Ask an average person that question and the answer may be a shoulder shrug, a blank look, and words like, “The Jews are Israel.”  The assumption is that “Israel” and “Jewish people” are synonyms.  They mean the same thing.  Israel is Jewish and the Jews are Israel.  Period.  Anyone who claims to be Israel must either be Jewish or be in the process of becoming Jewish.  That is the consistent understanding of Christians and Jews and Muslims and anyone else who cares to offer an opinion.

But that consistent understanding is consistently incorrect.

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A Fancy Frenchman’s Jewish Jesus

Followers of The Barking Fox may have noticed the frequent appearance of illustrations by the French artist Jacques Joseph Tissot (1836-1902), better known in English as James Tissot.  His works quickly came to my attention from the beginning of this blog as I began to look for pictures to enhance the impact of each post.  Several qualities make Tissot’s work ideal for this purpose:  a large selection of material (several hundred paintings on biblical themes); accurate depictions of the subject matter which reflect Tissot’s extensive research and personal experience in the Holy Land; the artist’s ability to capture the genuine humanness of his ancient subjects; and, perhaps most important for a blog, the fact that most of his work is in the public domain.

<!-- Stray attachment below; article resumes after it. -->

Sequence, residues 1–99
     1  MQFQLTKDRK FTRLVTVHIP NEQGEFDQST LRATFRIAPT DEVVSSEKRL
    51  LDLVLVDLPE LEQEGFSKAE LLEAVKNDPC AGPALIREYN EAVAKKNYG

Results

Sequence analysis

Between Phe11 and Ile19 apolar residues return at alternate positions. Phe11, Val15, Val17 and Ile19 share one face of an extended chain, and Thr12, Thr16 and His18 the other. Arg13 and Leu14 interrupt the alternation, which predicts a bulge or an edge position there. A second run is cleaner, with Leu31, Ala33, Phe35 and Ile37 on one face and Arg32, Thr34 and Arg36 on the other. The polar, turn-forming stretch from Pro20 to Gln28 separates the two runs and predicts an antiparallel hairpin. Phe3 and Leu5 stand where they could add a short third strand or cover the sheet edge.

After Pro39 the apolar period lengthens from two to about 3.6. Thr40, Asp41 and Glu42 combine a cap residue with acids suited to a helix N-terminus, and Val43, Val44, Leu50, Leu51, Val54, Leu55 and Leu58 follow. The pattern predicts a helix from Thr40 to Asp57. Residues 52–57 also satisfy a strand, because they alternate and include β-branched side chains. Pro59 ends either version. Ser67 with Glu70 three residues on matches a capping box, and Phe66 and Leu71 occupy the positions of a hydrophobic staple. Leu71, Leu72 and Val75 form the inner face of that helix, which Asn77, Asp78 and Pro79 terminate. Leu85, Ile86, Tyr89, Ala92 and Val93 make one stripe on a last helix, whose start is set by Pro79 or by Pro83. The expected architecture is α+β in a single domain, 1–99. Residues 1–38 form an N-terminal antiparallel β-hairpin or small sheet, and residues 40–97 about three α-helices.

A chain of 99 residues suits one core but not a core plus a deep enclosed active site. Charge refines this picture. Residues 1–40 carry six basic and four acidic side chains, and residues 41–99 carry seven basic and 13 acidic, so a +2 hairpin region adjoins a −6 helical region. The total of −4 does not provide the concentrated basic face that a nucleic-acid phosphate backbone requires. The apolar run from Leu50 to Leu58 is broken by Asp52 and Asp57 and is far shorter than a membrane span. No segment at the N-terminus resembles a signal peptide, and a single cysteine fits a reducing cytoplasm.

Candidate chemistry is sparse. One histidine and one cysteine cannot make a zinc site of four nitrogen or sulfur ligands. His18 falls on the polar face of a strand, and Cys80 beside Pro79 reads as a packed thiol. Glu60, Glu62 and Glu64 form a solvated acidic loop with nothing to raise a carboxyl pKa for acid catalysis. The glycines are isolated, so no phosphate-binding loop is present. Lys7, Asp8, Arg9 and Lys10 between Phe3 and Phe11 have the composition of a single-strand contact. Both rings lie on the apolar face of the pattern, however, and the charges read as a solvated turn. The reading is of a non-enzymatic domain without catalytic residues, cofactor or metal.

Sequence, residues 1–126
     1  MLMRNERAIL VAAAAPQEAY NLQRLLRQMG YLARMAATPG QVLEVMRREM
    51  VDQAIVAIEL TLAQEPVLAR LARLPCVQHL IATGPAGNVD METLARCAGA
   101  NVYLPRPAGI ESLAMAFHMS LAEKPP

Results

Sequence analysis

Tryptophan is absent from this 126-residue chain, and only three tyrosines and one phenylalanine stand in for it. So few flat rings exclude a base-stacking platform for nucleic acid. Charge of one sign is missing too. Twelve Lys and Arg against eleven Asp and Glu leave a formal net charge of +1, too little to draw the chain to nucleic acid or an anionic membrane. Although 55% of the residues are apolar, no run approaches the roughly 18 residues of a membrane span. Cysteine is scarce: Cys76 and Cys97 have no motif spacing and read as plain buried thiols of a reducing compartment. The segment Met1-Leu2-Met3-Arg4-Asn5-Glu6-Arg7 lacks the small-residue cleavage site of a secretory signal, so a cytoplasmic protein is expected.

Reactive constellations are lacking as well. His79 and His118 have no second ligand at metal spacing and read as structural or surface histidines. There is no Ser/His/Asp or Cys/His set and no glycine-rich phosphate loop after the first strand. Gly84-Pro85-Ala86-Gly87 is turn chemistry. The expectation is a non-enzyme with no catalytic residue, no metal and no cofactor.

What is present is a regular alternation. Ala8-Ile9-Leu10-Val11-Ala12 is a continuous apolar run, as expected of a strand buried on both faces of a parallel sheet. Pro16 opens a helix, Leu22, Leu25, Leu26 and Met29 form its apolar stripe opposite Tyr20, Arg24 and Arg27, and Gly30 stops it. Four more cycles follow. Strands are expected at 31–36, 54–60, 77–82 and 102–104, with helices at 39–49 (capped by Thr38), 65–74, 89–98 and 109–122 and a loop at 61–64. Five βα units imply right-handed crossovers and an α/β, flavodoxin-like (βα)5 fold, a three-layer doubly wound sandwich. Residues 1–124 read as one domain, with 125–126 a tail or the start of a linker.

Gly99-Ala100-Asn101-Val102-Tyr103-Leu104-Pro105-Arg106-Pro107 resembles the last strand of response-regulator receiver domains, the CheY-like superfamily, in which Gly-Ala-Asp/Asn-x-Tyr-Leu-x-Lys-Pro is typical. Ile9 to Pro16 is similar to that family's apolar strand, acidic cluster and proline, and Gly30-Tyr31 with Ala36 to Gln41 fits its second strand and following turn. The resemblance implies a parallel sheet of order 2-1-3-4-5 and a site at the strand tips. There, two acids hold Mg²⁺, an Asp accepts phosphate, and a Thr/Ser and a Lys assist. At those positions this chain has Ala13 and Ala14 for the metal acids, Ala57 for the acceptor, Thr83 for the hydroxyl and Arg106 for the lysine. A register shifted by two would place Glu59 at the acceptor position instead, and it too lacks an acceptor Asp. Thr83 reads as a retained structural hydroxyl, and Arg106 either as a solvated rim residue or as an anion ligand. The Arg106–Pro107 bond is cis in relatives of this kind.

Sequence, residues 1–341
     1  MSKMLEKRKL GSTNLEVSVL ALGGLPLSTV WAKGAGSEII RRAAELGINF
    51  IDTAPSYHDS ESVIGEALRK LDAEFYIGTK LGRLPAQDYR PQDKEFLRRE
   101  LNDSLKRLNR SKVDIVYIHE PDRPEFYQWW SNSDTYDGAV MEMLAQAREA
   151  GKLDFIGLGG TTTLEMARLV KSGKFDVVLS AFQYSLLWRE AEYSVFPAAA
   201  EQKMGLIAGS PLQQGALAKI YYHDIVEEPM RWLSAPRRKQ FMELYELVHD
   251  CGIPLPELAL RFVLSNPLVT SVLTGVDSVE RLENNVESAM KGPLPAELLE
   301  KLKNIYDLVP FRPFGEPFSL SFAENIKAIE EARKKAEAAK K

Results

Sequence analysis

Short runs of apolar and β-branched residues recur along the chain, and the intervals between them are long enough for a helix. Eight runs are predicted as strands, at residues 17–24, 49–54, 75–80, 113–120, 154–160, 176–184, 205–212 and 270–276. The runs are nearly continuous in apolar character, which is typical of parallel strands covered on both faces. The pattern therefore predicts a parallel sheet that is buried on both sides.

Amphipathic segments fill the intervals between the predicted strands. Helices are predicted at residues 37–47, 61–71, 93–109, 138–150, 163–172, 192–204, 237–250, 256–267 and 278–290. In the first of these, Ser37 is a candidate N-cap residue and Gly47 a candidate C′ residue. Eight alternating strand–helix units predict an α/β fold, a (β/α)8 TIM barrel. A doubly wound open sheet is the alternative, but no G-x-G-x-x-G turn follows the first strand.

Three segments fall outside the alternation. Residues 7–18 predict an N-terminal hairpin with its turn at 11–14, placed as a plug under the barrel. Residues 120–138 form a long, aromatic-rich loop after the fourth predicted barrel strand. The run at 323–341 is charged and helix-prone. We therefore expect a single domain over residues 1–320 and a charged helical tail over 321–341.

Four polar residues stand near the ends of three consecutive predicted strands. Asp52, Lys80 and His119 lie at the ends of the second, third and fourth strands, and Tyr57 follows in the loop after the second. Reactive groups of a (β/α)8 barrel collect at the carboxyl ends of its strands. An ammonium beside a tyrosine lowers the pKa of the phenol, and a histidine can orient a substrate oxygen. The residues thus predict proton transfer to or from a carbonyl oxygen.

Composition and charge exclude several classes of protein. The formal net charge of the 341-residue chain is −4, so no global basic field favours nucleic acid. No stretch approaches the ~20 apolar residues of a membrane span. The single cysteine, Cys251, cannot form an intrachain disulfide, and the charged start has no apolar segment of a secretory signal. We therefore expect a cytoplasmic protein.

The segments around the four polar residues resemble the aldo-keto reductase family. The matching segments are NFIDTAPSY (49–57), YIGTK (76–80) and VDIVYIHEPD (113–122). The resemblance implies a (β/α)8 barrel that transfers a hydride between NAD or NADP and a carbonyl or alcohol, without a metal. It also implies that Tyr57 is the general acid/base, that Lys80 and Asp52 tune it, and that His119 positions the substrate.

As a suitable close to an eventful year of blogging, it is my pleasure to share an article about the life of James Tissot written by Erik Ross, an American-born Catholic priest who teaches at a Dominican school of theology in Krakow, Poland.  The article contrasts Tissot’s Catholic faith with his painstakingly accurate depiction of Jesus (Yeshua) as the first-century Jew.   Oddly enough it appeared in The Times of Israel, a Jewish Israeli publication.  Here it is reproduced in a Hebrew Roots blog for the enjoyment and edification of everyone.